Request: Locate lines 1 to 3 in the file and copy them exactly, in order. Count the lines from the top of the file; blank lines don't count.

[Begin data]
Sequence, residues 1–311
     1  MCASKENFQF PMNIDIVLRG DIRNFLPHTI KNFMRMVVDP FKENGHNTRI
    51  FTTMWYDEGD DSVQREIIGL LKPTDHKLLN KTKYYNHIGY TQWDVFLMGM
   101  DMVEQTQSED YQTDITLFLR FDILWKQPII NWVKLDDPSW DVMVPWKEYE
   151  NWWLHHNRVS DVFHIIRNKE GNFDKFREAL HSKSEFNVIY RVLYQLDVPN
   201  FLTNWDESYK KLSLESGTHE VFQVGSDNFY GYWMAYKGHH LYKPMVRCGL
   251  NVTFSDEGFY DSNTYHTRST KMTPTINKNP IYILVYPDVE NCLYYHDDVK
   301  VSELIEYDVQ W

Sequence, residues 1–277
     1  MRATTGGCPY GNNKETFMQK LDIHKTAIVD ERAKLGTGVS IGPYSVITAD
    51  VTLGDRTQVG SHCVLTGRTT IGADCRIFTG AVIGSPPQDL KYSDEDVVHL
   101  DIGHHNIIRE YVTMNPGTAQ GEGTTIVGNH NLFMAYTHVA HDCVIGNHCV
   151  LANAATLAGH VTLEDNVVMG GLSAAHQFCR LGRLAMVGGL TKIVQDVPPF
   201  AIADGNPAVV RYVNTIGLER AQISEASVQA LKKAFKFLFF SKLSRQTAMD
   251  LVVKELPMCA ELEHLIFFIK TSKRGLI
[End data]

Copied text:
Sequence, residues 1–311
     1  MCASKENFQF PMNIDIVLRG DIRNFLPHTI KNFMRMVVDP FKENGHNTRI
    51  FTTMWYDEGD DSVQREIIGL LKPTDHKLLN KTKYYNHIGY TQWDVFLMGM